In spite of its long history among scholars of international conflict, empirical evaluations of diversionary theory have produced contrasting—even contradictory— results. We offer three reasons for these differences: choice of unit of analysis; failure to model the reciprocal relationship between threats to the survival of political leaders on one hand, and international conflict participation on the other; and measurement error in operationalizations of the independent variable—the incentive of leaders to divert. We construct an empirical test that addresses all of these concerns. Our analysis of data from Latin America during the period 1960—99 reveals robust evidence in support of diversionary theory. The results also expose the biasing effects associated with the failure to control for reciprocal causation and measurement problems.
This paper argues that where institutions are strong, actors are more likely to participate in the political process through institutionalized arenas, while where they are weak, protests and other unconventional means of participation become more appealing. This relationship is explored empirically by combining country-level measures of institutional strength with individual-level information on protest participation in 17 Latin American countries. Evidence is found that weaker political institutions are associated with a higher propensity to use alternative means for expressing preferences, that is, to protest. Also found are interesting interactions between country-level institutional strength and some individual-level determinants of participation in protests.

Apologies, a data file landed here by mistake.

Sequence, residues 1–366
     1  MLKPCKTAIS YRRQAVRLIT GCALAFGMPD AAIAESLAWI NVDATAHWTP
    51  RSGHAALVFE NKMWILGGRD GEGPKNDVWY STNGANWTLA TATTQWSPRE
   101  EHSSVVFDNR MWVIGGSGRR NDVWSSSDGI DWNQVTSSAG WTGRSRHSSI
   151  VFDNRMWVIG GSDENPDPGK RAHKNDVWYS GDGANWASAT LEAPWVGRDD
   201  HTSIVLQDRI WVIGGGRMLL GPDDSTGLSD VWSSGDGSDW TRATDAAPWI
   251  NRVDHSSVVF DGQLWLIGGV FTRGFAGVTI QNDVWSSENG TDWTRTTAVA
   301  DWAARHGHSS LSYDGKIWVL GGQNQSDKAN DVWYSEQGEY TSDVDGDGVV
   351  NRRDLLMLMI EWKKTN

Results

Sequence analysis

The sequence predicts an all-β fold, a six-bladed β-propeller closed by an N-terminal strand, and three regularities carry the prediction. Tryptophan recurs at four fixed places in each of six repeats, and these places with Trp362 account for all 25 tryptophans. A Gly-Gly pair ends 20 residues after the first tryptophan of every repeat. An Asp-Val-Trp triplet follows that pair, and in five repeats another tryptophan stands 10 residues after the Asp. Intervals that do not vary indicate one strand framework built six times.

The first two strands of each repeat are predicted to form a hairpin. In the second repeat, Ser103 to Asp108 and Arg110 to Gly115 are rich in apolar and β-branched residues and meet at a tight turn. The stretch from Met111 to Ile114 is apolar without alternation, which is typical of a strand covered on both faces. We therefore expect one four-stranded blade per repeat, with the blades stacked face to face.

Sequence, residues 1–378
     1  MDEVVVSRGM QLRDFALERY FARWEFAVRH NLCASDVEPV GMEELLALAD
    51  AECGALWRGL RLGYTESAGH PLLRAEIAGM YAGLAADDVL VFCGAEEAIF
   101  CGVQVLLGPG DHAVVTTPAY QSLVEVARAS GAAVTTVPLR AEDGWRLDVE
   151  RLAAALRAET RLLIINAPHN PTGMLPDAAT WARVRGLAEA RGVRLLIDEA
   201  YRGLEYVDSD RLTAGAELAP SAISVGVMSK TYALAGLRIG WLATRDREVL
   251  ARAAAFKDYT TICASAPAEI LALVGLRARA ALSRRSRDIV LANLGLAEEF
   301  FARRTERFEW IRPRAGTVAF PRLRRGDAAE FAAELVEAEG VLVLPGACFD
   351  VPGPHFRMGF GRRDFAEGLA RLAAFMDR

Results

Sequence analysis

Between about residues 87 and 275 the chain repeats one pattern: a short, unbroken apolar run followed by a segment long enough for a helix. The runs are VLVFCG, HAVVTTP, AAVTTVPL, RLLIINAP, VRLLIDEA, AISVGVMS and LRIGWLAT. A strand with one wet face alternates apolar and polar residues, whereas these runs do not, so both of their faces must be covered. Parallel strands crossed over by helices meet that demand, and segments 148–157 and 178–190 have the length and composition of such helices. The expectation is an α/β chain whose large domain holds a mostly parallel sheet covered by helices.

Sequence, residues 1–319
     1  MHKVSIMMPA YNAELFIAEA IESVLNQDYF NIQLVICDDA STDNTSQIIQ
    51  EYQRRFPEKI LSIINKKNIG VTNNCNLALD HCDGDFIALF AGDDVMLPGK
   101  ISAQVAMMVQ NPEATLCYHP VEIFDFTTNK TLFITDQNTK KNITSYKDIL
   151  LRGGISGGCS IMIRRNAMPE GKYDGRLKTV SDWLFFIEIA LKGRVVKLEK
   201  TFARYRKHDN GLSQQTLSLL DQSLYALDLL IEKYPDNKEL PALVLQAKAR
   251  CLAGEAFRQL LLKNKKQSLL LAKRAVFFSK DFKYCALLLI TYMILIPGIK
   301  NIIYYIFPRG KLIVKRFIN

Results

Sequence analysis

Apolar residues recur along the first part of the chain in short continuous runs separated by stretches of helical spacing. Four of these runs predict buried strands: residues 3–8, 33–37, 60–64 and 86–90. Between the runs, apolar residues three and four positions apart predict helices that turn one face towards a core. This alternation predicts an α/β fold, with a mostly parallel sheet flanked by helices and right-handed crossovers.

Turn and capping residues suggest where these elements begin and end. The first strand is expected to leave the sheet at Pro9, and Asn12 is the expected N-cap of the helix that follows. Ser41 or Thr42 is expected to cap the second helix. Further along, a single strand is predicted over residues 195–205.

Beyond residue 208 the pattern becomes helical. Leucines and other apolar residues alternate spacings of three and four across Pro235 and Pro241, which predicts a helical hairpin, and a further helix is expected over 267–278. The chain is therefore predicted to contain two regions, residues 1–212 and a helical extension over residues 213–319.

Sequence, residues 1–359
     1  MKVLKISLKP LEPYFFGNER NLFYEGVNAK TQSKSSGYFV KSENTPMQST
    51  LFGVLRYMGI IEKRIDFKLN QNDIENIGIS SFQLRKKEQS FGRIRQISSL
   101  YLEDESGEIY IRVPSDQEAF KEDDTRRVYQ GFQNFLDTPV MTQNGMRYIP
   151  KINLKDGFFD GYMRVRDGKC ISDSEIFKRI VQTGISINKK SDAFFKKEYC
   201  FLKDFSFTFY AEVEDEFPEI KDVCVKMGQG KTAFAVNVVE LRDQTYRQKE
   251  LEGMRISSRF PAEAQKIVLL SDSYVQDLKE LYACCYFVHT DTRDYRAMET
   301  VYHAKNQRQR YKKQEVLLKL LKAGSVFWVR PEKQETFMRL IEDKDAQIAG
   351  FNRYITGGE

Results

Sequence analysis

Among the most researched solutions to social dilemmas is communication. Since the late 1950s, it has been well known that communication enhances cooperation in social dilemmas. This article reports a meta-analysis of this literature (forty-five effect sizes) and finds a large positive effect of communication on cooperation in social dilemmas (d = 1.01). This effect is moderated by the type of communication, with a stronger effect of face-to-face discussion (d = 1.21) compared to written messages (d = 0.46). The communication-cooperation relationship is also stronger in larger, compared to smaller, group social dilemmas. Whether communication occurred before or during iterated dilemmas did not statistically affect the communication-cooperation effect size. Results are discussed according to theory and research on communication in social dilemmas.